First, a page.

For some time, we’ve been talking about ideas for IoT-specific chips, evolved from garden-variety MCUs or mobile SoCs. I sat in on a fascinating talk from an MCU vendor at ARM TechCon 2015 regarding multi-protocol radio silicon, and a question kept coming from the audience: what about software-defined modems? The vague response from the presenter was software-defined modems on an IoT/M2M scale is possible, but expensive in terms of silicon and power consumption.
That’s not a new problem. One of the motivating factors for adding fast multiplier capability to the ARM7 core way back when was to enable some lighter algorithms to run without a full-blown DSP. There are still jobs that need a high performance DSP, like 4G LTE, and the drive from CEVA, Qualcomm, and others has been to streamline DSP cores for efficiency.
A lot of territory exists between those extremes, much of it on the IoT and in M2M applications. LTE has been a two-edged sword for M2M. GSM bands are being repurposed for use in LTE as crowded spectrum becomes scarce. AT&T, with a burgeoning 4G base to worry about, is sunsetting its 2G network at the end of 2016. LTE has covered the globe, literally, at the expense of some other once-promising standards such as WiMAX. For those that need increased mobile bandwidth and a long future ahead, LTE is hard to beat in M2M.
Let’s suppose your ideal application doesn’t resemble a head-shrunken smartphone with a high performance LTE DSP core. There are a lot of IoT/M2M protocols to choose from. Some are quite solid, like Bluetooth, GNSS, Wi-Fi, and ZigBee. Some are gaining attention rapidly, most notably LoRa and Thread. Some are still dripping wet specifications, like Narrowband-IoT. Some are dedicated to IoT networks, like SIGFOX. The use cases vary widely.
Several questions arise. Who knows, for sure, which of these specifications will win, and in what exact variant of the specification? Maybe more importantly, will some edge devices be required to operate on more than one network, either simultaneously or with one side always-on and the other sleepy? What about chips for multi-protocol gateways? If one commits to a network, or combination of networks, and something changes, a hardware-centric design can blow up.
CEVA is challenging the idea that vector DSP can’t scale to these lower power IoT/M2M devices. Two new cores, the CEVA-XC5 and CEVA-XC8, go after these software-defined modems in style. Compared to the previous XC323 low-end, the new IP brings up to 70% lower dynamic power consumption, 40% die area reduction, and 20% lower memory usage.
There are certainly use cases where a tuned hardware implementation of a mature standard can be better than software defined modems. Bluetooth Smart comes to mind, and CEVA’s Emmanuel Gresset admits that if BLE is all a design needs, CEVA’s hardware-based implementations are better. Software and vector DSP is the play where there are more advanced IoT/M2M protocols and some flexibility required, maybe in regional deployments or where specifications wax and wane in popularity over a long life cycle. There are some details in antenna design that need to be addressed when combining radios, but those also exist in hardware-based designs.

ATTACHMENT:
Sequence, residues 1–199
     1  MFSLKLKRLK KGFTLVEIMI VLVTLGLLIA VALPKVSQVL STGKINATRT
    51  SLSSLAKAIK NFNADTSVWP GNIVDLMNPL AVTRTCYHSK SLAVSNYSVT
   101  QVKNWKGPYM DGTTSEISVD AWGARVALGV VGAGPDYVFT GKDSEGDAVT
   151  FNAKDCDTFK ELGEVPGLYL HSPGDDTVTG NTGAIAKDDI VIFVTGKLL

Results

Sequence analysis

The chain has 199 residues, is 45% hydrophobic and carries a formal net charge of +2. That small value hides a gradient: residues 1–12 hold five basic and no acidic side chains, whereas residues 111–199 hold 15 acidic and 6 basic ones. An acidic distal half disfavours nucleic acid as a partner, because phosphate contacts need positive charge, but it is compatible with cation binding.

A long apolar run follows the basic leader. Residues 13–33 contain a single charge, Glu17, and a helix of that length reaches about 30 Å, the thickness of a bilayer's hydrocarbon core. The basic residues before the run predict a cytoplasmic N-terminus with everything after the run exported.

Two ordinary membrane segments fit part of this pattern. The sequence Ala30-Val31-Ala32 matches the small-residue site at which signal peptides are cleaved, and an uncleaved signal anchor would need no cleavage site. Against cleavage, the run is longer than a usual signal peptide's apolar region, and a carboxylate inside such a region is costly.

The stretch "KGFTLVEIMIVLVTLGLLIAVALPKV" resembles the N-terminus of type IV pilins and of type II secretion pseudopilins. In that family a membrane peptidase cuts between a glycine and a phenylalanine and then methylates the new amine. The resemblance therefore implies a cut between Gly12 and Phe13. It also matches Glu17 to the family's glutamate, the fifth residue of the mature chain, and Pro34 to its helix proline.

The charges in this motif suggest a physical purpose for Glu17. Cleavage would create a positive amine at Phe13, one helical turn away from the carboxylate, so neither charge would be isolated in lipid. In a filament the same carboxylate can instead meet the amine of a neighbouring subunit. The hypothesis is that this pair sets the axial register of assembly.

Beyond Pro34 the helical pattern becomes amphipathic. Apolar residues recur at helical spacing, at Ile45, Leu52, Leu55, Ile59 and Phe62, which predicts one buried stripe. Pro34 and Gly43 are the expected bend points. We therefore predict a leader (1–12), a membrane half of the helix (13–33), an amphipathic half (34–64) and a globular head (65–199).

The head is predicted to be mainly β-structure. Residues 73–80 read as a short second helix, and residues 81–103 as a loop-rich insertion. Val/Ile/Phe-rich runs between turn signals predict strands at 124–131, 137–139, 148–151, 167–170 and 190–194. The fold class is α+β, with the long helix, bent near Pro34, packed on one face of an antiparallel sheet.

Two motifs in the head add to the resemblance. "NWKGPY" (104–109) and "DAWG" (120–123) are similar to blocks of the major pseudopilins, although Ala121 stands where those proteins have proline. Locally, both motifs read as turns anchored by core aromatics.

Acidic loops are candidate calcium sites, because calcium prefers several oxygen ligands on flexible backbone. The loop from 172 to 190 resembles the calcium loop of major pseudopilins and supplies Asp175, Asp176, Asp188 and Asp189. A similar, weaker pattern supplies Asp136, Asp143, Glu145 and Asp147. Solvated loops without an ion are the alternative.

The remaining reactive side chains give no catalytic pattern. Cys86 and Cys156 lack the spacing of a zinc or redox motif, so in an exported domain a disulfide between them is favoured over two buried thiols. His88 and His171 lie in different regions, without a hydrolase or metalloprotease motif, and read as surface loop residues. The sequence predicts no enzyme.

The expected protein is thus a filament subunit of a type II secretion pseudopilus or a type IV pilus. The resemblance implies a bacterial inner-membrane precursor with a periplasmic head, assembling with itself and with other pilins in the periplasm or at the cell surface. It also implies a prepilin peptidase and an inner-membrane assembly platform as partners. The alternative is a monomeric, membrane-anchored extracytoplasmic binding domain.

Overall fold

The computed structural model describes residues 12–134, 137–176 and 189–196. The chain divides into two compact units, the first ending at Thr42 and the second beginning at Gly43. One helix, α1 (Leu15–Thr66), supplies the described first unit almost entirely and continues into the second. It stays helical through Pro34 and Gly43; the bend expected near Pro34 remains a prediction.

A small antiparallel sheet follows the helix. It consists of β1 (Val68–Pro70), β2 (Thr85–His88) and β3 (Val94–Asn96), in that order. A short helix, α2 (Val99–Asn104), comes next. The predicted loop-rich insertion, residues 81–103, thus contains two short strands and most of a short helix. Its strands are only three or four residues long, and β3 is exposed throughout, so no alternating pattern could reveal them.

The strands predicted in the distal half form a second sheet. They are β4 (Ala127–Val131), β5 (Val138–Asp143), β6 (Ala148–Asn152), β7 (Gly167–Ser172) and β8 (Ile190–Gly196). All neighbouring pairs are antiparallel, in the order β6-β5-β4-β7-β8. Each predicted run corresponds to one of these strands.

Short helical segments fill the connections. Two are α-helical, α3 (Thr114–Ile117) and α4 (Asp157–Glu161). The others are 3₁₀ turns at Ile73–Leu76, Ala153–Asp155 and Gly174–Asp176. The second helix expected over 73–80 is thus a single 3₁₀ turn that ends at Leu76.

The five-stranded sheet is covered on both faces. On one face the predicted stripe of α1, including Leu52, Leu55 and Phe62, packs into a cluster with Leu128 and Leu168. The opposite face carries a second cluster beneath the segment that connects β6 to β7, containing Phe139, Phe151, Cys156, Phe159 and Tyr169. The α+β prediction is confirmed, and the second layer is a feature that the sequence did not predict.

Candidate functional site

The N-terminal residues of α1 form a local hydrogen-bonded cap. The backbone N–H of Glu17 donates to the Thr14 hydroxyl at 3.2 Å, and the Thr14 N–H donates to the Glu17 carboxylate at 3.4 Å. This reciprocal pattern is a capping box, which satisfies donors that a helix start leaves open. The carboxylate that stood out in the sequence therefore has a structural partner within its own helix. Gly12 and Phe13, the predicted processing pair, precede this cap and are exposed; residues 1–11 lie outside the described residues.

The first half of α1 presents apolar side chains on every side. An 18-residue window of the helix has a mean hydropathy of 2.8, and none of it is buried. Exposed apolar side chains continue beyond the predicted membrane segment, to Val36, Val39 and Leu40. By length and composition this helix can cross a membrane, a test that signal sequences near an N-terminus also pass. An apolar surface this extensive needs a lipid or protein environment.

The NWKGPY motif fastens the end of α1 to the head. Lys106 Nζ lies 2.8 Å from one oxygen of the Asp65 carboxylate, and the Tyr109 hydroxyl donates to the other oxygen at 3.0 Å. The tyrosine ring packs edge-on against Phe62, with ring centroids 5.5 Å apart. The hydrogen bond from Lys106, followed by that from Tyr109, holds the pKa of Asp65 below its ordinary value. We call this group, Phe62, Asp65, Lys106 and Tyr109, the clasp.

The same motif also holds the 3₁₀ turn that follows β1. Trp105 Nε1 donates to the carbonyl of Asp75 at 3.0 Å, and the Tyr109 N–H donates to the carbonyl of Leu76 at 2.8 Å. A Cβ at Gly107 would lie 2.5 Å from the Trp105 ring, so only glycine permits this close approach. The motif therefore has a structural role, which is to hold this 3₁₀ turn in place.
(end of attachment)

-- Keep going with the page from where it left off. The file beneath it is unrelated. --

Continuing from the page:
I go back to the unfortunate story of WiMAX, a specification that was supposed to dominate wireless deployments and instead lost silicon supporters rapidly to LTE. While backers of all these new IoT/M2M specs are optimistic, history may repeat itself for things like Weightless and 802.22. The XC5 and XC8 support LTE Cat-0 and Cat-M, including long DRX and power saving mode (PSM). On the other hand, SIGFOX or LoRa or Narrowband-IoT may take off and be the next big thing. The name of this game is flexibility.
The primary difference between the XC5 and XC8 is the MAC capability – 16 per cycle in the XC5, 32 per cycle in the XC8, presumably with some area and power delta. Both feature 8-way unrestricted VLIW, and 4-way set associative non-blocking program cache. AXI integration is a given. The power scaling unit allows multiple clock sources and multiple voltage domains, allowing flexible SoC power management strategies.
This kind of power management capability also pushes this DSP IP down into wearable space, where some designers have chosen tethered operation to save power instead of providing a direct LTE connection on a wearalone. It also opens the possibility of multi-protocol software-defined modems, as in this example with LTE Cat-0 and GNSS. LTE-OTDOA is also gaining momentum, using basestation signals for positioning.
One reason software defined modems haven’t been in this IoT/M2M conversation much is until now, power efficient vector DSP IP hasn’t existed. The fact that the microcontroller vendors are looking long and hard at multi-protocol radios for IoT devices is significant – and they may get it right on some point implementations. For many others working with specifications that are in flux or of varying regional importance, a soft vector DSP-based implementation may be the best way to get there quickly and cost effectively.
For more on the CEVA-XC5 and CEVA-XC8 DSP cores, visit: